Hillary Clinton was another Ivy League lawyer with a high-powered career who stood on equal footing with her husband. But Mrs. Obama has shown no desire to run for office, and her beauty and style are essential to her image while Mrs. Clinton’s appearance was often mocked.

Like Mrs. Clinton, Mrs. Obama is said to offer frequent advice to her husband, and is deployed often on the campaign trail to articulate and explain the president’s beliefs. But Mrs. Obama has not been accused of meddling in policy, a perception that dogged Mrs. Clinton.


Jacqueline Kennedy? Like Mrs. Obama, she was seen as a glamorous, modern presence who brought change to the White House — but JFK never referred to his wife as “the boss.”

Carl Sferrazza Anthony, a historian with the National First Ladies’ Library, says Mrs. Obama shares something with Clinton, Kennedy, Betty Ford and Eleanor Roosevelt: Her public persona is very close to who she is.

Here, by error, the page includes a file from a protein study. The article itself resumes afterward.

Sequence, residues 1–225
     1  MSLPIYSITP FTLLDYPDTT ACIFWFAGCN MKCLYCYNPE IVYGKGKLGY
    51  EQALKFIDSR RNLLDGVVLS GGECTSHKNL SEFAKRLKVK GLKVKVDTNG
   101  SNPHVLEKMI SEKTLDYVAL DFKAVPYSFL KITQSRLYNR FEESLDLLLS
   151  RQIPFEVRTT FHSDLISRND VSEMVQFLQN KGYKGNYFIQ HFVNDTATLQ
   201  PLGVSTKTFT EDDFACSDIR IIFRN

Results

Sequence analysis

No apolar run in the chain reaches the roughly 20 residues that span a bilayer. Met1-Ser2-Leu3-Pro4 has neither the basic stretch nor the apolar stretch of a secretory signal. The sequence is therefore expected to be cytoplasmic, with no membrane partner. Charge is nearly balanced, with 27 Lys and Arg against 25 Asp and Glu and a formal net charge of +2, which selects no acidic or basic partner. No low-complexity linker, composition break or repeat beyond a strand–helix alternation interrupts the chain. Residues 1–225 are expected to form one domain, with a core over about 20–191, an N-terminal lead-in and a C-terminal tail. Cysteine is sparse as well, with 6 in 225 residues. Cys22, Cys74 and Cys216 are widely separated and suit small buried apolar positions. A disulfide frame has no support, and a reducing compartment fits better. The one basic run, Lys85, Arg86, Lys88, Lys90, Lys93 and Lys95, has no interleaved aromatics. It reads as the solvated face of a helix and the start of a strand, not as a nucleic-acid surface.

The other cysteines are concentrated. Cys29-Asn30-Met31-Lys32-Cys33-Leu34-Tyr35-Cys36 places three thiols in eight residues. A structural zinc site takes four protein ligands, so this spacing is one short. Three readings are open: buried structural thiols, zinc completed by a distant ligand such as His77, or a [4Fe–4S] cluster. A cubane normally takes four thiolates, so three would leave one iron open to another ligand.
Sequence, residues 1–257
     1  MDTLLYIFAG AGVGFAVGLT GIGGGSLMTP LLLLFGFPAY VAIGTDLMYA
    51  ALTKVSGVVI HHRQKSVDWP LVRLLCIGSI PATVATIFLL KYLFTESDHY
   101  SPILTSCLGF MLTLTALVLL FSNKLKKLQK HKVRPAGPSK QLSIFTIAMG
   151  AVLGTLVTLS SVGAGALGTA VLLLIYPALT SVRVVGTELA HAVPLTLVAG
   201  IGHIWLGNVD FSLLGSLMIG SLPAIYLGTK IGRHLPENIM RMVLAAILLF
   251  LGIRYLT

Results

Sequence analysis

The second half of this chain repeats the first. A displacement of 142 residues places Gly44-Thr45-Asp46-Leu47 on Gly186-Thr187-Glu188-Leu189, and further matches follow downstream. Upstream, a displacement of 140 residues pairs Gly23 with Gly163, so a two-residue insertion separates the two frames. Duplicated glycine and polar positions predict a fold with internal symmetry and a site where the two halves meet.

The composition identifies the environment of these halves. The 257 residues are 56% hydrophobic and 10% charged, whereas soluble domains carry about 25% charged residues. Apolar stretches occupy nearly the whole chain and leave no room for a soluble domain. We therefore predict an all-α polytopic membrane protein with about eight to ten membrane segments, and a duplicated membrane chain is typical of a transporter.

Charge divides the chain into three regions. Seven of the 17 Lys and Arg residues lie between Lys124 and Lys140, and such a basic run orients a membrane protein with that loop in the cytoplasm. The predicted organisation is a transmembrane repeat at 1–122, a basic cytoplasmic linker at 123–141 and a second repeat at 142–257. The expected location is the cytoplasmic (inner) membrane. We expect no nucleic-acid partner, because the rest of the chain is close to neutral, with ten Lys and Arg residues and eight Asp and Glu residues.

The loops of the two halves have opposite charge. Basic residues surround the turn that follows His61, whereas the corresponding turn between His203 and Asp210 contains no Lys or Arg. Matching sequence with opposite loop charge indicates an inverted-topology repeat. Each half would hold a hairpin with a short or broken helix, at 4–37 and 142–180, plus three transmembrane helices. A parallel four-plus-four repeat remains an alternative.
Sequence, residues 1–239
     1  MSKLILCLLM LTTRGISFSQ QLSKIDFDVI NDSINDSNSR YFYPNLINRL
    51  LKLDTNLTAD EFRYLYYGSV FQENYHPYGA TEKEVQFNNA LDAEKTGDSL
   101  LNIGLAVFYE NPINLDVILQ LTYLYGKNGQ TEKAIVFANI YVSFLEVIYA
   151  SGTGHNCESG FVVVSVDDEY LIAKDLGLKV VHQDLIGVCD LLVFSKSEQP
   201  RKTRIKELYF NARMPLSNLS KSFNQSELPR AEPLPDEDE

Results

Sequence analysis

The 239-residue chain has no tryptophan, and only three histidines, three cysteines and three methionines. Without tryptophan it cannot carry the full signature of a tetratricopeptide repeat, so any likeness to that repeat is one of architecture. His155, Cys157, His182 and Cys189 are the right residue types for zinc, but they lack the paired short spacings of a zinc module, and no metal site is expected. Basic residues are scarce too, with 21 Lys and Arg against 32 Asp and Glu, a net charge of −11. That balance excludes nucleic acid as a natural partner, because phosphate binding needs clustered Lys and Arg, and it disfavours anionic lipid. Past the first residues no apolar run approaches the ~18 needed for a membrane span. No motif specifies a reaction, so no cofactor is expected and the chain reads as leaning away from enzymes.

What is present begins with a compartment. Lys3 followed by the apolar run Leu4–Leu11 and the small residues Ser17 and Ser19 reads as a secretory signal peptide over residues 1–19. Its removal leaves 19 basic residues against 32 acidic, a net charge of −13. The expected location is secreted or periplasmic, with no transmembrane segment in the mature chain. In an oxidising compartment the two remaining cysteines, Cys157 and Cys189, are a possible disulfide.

“When in public, Mrs. Obama does not clip herself to the point of repressing her intentions or viewpoint,” says Anthony, who has spent time with 10 presidential wives, from Mrs. Kennedy to Mrs. Bush. “She has defined herself by looking at how she could adapt the traditional roles of a first lady to her own personality.”

That’s what Mrs. Obama described in a conversation with reporters last February:

“Ultimately, the role has to be defined by the individual. Because not every first lady or first spouse is going to be me. They’re not going to think like me. . Part of what I say to women, part of what we fought for is choice — not just one definition of what it means to be a woman.”

Anthony has not yet spent meaningful time with Mrs. Obama. He met her once, for less than a minute, in a receiving line at a White House Christmas party.


“She gave laser focus to me as an individual,” Anthony recalls. He made an obscure joke that the president brushed off. But it drew a laugh from the first lady.

“It was just a few moments,” he says, “but it was like she used those few seconds to let me know she knew who I was.”